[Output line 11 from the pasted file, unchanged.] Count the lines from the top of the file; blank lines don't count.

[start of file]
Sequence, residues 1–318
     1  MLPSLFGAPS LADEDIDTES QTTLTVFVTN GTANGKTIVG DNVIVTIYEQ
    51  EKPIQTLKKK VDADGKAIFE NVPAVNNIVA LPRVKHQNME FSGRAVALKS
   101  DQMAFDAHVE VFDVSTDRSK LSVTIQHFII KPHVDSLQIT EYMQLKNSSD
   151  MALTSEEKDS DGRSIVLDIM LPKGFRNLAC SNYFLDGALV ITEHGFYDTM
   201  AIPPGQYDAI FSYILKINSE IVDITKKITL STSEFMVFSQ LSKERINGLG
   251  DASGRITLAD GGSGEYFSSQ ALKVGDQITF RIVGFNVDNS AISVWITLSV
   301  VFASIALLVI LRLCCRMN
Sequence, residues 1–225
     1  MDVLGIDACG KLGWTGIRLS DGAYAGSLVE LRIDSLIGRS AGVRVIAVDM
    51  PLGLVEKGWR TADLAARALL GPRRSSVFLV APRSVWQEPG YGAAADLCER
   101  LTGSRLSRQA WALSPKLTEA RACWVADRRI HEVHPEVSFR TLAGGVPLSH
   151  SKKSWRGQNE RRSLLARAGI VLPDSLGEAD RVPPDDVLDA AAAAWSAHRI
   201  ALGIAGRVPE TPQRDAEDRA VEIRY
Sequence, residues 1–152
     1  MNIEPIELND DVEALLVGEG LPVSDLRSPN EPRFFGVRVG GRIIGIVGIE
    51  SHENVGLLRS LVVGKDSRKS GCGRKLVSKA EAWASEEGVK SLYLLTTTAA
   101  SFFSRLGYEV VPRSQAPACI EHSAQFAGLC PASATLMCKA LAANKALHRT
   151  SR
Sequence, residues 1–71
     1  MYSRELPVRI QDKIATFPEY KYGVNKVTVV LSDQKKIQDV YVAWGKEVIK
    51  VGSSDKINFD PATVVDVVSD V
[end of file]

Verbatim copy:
    51  PLGLVEKGWR TADLAARALL GPRRSSVFLV APRSVWQEPG YGAAADLCER